* Also, think about what time your child goes to bed at night – new research supports the importance of sleep in the earlier hours of the evening during which major brain development occurs.

Implementing a Bedtime Routine:

* Create a “bedtime routine” (about 30 minutes) this should include the same steps everyday in the same order.

* For example, AT THE SAME TIME EACH NIGHT begin.

1) Take a bath 2) brush teeth 3) put on pajamas 4) read books 5) go to bed

* When the routine is the same everyday the steps are cues to prepare them

* REMINDERS about the bedtime routine:

* No T.V. (T.V. does not “relax” children as many parents think – it stimulates their brain)

*Do not let them decide when they are tired, when they are ready for bed – have a set bedtime and stick to it!

* Do not let them decide where to sleep (for example, sometimes the couch, sometimes your bed, sometimes their bed)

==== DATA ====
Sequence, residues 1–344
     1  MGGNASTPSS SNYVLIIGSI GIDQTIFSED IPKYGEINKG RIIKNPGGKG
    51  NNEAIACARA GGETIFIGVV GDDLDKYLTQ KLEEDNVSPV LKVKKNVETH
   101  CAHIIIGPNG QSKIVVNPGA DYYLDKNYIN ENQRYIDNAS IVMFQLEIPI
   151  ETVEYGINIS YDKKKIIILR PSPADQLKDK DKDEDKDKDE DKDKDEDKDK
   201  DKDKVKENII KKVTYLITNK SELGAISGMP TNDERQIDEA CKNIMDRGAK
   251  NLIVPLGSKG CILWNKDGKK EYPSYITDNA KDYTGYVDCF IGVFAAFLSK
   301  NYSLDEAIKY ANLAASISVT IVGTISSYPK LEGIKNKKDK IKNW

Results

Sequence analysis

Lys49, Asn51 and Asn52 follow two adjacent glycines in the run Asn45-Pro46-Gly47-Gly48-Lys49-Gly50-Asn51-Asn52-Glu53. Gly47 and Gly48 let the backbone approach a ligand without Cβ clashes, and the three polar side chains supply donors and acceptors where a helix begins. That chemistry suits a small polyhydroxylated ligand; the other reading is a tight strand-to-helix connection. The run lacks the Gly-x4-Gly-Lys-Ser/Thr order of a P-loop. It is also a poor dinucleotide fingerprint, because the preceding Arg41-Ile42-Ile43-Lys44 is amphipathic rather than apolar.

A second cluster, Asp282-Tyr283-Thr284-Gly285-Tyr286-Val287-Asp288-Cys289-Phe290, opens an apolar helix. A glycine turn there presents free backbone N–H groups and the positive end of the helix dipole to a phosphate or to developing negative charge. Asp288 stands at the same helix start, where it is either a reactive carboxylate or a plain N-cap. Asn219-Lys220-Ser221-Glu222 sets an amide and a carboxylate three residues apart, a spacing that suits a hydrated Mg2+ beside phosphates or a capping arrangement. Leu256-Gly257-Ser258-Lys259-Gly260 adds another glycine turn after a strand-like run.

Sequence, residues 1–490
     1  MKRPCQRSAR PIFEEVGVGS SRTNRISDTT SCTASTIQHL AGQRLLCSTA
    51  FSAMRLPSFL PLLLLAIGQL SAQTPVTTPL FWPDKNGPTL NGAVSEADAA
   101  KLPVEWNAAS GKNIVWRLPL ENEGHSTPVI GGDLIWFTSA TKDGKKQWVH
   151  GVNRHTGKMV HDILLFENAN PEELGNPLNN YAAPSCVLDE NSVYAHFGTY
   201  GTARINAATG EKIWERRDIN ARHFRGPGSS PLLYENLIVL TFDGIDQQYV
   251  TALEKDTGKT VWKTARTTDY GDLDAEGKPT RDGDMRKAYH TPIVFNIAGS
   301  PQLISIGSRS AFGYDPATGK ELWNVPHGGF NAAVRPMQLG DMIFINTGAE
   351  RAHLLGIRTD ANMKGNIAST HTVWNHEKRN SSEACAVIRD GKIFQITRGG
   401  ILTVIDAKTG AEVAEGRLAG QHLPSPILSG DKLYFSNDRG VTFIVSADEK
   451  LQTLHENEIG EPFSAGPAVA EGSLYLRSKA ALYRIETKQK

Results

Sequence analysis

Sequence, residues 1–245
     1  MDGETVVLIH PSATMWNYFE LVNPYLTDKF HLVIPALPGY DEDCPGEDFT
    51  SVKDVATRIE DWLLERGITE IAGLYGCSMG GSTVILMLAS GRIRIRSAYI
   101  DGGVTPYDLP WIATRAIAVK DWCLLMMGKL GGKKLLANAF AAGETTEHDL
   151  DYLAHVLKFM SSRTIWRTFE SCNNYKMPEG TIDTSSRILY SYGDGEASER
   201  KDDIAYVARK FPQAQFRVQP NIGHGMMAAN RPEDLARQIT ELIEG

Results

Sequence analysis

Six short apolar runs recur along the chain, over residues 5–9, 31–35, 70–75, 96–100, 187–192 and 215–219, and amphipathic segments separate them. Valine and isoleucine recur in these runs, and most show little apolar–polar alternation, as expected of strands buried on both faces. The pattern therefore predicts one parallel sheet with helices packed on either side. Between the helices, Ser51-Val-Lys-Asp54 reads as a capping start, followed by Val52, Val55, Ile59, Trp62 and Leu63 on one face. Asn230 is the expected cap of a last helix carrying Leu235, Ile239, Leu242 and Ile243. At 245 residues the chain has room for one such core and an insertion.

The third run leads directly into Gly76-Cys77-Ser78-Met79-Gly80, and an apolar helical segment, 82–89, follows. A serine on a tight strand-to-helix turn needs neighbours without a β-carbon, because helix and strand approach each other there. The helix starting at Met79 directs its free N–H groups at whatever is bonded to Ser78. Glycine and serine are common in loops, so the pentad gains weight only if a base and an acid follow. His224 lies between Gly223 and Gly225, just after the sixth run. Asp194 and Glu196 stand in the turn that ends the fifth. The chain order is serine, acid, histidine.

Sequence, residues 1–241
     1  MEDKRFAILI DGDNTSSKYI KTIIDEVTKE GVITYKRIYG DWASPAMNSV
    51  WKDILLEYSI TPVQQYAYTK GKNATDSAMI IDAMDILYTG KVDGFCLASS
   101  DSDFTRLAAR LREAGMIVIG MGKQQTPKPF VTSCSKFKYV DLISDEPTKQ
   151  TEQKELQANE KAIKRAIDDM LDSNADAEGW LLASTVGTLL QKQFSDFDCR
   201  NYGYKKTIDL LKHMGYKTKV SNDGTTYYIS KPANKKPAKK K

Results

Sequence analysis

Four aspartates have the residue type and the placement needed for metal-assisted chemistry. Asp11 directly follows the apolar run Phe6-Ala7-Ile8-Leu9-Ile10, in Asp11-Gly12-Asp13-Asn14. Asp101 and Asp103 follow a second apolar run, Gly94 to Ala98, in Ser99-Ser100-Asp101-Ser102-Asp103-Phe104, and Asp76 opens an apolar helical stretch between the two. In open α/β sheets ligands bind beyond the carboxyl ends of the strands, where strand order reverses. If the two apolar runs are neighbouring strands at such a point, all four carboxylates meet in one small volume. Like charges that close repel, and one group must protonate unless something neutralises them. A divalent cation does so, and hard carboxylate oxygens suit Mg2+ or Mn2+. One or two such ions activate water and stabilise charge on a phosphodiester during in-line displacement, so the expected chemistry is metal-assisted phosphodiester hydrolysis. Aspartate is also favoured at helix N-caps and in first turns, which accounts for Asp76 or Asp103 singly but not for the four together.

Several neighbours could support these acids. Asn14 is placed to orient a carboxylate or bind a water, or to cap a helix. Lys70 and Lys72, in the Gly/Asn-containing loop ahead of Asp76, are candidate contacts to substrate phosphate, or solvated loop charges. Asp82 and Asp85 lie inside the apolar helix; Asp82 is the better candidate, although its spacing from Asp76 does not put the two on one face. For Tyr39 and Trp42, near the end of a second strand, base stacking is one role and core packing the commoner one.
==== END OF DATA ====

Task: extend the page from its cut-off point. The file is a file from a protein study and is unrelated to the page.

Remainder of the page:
* Watch your child’s intake of sugar and caffeine (in general, but especially near bedtime)

* No roughhousing before bed

* Rocking, feeding and/or lying down with your child is NOT recommended otherwise these things/or YOU will become required for them to go to sleep

* Instead, encourage your child to use a “transitional object” (for example, a stuffed animal or a blanket), which will help comfort them and relax them

* Make sure your daily schedule includes plenty of physical exercise during the day

* Turn the lights down low; close the curtains (in the morning open the curtains and make sure your child gets plenty of exposure to natural sunlight)

* Create a calm, quiet and positive atmosphere to implement your bedtime routine